Global Gaming Poised for Tectonic Shift as Gamers Embrace Subscription Services, Show Interest in Cloud-Based Gaming
As Next Gen Console Cycle Nears, Sony Positioned to Maintain 1st Place with PS5
Altman Vilandrie & Company’s 2020 International Gaming Survey measures consumer preferences and trends in gaming in five major countries (U.S., China, Japan, South Korea, and U.K.). More survey results, including detailed country-breakdowns and on eSports, will be released this spring. Click here for 2019 results and analysis.
- 69% of global gamers pay for a game subscription service, up from 43% in 2019
- 85% say they are willing to pay for games
- 45% of US and UK gamers plan to try Google Stadia
- 45% plan to purchase Sony PS5 vs. 22% plan to purchase Xbox
- 61% would pay more for “gamer quality” Internet service
- 51% play games while travelling or commuting, up from 30% in 2019
The video game industry is poised for another transformation as subscription services become more prevalent and interest in cloud-based gaming grows, according to Altman Vilandrie & Company’s 2020 International Consumer Gaming Survey. The report, which includes a comprehensive consumer survey of gaming habits in the U.S., China, Japan, the U.K., and South Korea, shows that nearly seven in 10 global gamers pay for a game-related subscription service, and nearly half say they plan to try a cloud-based gaming service in the future.
“Consumers have shown that they’re willing to support new business models that have been trialed across the industry,” said Jon Wakelin, Principal at Altman Vilandrie & Company. “Mobile and cloud technology are enabling new ways for users to interact with games, and we’re seeing that play out in changing consumption patterns. This disruption is likely to accelerate as the underlying technology improves and providers embrace the change.”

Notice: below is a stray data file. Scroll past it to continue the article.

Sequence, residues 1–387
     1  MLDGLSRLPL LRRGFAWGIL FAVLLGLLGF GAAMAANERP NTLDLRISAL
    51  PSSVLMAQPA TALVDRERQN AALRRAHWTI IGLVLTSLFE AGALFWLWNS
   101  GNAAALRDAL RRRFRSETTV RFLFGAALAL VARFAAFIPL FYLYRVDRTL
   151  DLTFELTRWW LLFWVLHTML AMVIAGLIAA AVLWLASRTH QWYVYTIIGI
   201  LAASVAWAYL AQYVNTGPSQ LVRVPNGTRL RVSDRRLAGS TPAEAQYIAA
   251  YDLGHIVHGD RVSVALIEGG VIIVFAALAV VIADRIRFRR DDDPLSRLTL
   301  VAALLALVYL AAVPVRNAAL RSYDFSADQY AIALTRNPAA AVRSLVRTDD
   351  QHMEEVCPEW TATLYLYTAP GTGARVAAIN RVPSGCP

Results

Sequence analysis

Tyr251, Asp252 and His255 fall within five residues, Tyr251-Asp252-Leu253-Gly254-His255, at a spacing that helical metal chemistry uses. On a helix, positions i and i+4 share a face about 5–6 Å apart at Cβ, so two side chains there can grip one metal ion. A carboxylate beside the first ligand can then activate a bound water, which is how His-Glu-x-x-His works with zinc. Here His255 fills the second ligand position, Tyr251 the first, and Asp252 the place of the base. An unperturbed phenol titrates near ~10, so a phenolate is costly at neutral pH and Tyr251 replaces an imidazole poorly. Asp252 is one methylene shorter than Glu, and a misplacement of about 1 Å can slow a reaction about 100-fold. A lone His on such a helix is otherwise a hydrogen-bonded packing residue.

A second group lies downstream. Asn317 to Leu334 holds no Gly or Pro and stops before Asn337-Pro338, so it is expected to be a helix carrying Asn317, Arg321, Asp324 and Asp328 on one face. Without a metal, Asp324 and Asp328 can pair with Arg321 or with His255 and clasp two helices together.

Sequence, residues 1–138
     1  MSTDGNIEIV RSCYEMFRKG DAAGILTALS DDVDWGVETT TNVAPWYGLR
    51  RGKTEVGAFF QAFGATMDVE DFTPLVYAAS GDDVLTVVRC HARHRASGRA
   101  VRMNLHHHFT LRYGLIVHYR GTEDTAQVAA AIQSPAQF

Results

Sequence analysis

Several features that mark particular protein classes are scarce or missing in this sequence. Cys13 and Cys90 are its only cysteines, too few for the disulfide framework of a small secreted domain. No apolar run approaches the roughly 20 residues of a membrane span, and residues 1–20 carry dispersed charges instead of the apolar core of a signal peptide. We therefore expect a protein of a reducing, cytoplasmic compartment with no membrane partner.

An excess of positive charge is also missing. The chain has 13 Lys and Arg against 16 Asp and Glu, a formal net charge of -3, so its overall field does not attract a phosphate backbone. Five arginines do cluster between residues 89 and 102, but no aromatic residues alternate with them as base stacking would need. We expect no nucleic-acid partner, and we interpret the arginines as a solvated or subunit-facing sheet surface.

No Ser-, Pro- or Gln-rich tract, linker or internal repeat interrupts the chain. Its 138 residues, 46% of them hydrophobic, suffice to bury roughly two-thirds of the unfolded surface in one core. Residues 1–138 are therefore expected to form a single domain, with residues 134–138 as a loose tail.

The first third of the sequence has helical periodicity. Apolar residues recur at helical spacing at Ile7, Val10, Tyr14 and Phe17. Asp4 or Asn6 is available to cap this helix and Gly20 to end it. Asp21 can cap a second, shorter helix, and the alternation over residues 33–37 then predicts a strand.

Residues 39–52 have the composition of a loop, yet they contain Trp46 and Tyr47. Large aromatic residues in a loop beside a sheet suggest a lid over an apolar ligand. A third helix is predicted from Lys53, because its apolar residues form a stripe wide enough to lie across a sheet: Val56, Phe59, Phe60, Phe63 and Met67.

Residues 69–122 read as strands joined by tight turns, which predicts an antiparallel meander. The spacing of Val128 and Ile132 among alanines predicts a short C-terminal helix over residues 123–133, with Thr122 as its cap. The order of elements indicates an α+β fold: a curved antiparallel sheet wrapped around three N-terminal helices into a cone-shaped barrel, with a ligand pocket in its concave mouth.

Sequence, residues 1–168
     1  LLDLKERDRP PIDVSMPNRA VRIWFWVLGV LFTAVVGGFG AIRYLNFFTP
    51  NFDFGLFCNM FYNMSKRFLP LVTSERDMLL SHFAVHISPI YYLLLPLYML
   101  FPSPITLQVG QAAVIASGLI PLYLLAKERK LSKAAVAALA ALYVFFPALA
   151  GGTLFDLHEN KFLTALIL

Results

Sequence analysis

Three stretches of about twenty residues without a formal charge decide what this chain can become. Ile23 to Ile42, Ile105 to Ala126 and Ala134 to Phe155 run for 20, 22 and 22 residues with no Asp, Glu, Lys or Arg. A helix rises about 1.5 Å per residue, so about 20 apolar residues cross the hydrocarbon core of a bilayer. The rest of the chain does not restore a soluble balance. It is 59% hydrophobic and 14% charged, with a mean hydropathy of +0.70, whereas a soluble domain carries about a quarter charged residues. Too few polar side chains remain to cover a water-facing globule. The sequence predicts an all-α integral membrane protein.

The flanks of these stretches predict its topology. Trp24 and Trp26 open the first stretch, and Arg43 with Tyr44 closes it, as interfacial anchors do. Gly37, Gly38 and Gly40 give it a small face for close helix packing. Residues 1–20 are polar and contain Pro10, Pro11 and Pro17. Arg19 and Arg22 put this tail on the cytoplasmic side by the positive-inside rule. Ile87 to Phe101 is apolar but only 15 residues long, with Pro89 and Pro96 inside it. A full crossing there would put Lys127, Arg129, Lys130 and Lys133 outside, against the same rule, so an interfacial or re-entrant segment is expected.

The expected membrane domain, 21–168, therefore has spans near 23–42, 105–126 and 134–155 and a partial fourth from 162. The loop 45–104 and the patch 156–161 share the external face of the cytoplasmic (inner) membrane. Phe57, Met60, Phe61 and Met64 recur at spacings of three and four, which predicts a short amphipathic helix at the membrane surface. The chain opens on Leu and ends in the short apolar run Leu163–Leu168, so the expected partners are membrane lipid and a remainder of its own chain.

While these new platforms are gaining traction and mobile continues to drive the majority of industry growth, Console and PC sales are projected to lag the overall market growth. Consoles and PC are projected to grow by only 2.9% and 3.6% respectively by 2025, compared to 8.0% for Mobile. But the Altman Vilandrie & Company survey shows that although early, Sony is well positioned to continue its lead into the next generation when the PS5 and Xbox Series X are released this year.
Google Stadia Launch: Bumps & Benefits
Analysis of the survey data reveals that, despite being early in the Stadia’s adoption process, Google and other major cloud gaming providers should benefit from growing consumer interest, with 45% of U.S. and U.K. gamers saying they will try Stadia. Survey respondents did flag some concerns that may suppress Stadia’s growth, including the pricing model and a limited library of games.
However, the survey also indicates that gamers are getting much more comfortable with the subscription service model: 69% of gamers in 2020 pay for at least one game-related subscription service (PlayStation Now, Twitch Prime, etc.), up from 43% in 2019.
“What Google has shown is that the technology can work, and we’re seeing signs that consumers see the advantages of cloud-gaming and are willing to embrace subscription-style payments. Ultimately, a successful cloud-based gaming service needs to have ubiquitous availability and device compatibility, a Netflix-style subscription model, and a compelling content library,” said Altman Vilandrie & Company Director Swope Fleming. “New cloud-gaming initiatives from Microsoft and Nvidia should serve as an incremental step function in that direction, and we expect Google to augment its offer to keep pace.”